The exuberant Ken Rees had flown his Wellington bomber under the Menai suspension bridge in Wales during training. He was already an experienced pilot when he arrived in Malta. Here the small RAF force almost under constant attack from the Luftwaffe based on Sicily and mainland Italy. It was a continual struggle to keep enough planes serviceable to be able to hit back.
On the 6th November 1941 Ree’s target was Naples. He was diving down to attack a barrage balloon when:
the rear gunner reported a night-fighter coming up after us. Pulling her out of the dive, I did a semi-stall turn, but while we were still in a steep dive from that we were coned by searchlights and I found myself suddenly disoriented. By the time I’d shaken my head and recovered, the Wellington was only 500 feet above the streets of Naples, with a couple of searchlights still on us.
‘Get the searchlightsi’ I yelled at the gunners, and took her down to rooftop height. We lost the searchlights, and the night-fighter as well; searchlights didn’t go down to street level, which was where we were now, and I guess the night-fighter had more sense.
Heaven only knows what the local residents thought as they looked out into bright moonlight to see a Wellington screaming full tilt down their (nice, wide) main street. There is a point after which you can’t do anything except get on with it.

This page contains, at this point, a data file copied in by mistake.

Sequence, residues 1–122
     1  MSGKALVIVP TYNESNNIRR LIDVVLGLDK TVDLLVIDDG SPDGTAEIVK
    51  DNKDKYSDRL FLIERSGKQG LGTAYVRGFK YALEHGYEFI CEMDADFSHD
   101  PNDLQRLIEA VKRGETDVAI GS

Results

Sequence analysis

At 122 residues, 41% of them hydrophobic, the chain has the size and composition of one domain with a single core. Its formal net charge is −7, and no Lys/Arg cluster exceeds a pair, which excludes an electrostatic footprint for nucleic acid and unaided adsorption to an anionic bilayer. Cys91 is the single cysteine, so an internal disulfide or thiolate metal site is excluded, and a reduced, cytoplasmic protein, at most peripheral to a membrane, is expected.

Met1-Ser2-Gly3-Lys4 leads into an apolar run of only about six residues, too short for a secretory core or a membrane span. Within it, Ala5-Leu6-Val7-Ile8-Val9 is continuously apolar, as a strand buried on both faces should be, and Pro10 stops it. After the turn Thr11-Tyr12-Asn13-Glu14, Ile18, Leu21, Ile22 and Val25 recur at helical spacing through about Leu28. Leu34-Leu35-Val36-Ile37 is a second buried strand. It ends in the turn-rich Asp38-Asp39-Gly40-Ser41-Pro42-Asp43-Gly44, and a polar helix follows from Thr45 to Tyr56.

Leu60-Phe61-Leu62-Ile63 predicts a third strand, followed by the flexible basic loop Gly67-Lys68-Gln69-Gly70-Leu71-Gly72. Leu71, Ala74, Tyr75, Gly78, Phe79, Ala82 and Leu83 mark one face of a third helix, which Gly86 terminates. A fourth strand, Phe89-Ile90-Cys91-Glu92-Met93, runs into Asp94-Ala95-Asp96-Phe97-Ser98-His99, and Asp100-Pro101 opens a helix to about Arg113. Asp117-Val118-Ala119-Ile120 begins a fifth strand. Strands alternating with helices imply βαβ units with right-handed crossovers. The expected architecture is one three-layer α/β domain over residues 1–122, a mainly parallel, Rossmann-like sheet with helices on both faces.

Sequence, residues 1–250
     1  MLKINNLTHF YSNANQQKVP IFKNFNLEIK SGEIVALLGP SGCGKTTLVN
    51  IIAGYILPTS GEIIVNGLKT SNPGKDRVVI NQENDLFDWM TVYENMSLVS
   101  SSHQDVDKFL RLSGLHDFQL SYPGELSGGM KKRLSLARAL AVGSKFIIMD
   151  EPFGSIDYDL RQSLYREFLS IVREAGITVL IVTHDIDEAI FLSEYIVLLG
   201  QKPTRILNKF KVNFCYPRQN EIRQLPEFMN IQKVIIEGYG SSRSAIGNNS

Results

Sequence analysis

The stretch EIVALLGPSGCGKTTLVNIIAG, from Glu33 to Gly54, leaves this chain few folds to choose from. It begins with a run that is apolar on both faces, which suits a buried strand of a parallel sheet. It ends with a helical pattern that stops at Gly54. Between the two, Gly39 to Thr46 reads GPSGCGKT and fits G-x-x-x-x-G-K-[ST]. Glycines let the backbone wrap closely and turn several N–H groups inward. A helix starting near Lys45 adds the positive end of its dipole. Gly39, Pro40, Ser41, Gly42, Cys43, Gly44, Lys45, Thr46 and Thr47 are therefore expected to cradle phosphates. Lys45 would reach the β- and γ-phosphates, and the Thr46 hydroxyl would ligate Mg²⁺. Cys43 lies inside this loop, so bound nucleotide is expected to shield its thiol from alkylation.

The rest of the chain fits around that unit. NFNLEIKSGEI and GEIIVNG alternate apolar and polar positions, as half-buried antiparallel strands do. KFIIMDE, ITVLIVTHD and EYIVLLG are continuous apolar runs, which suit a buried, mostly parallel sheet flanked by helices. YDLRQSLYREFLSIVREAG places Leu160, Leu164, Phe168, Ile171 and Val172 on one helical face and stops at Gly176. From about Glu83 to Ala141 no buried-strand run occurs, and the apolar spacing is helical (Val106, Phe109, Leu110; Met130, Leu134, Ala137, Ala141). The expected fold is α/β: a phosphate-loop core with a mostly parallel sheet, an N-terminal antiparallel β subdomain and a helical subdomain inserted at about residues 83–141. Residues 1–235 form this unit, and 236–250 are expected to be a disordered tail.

We howled out over the harbour, the gunners silent now so that none of the warships would notice us passing by; just as I’d got us low over the water I spotted a warship hard on the starboard side. As we shot past it full throttle, I could see Joe’s .303 Brownings blazing away. Silly bugger was trying to sink a battleship with a pair of .303s.
On the battleship, meanwhile, all hell was breaking loose. The only reason I can think of that we survived this episode was that the Italians couldn’t hit an oversize barn door with an .88 mm. Our front guns abruptly stopped, replaced by the sound of rude French words; Joe’s guns had seized, much to my relief. ‘Sorry, Skipper,’ he sounded genuinely regretful, ‘my guns jammed’
Sadly this was one of the last trips that Joe Arsenault, the Browning machine gunner, would make. Although they were a close knit crew a few nights later Joe was ordered to urgently take the place of another gunner on another aircraft, who had gone sick.
Joe pulled his flying kit over his pyjamas, and that was the last we ever saw of him: the entire crew never came back, and Joe, dour, fearless, dependable, inarticulate Joe was gone with them.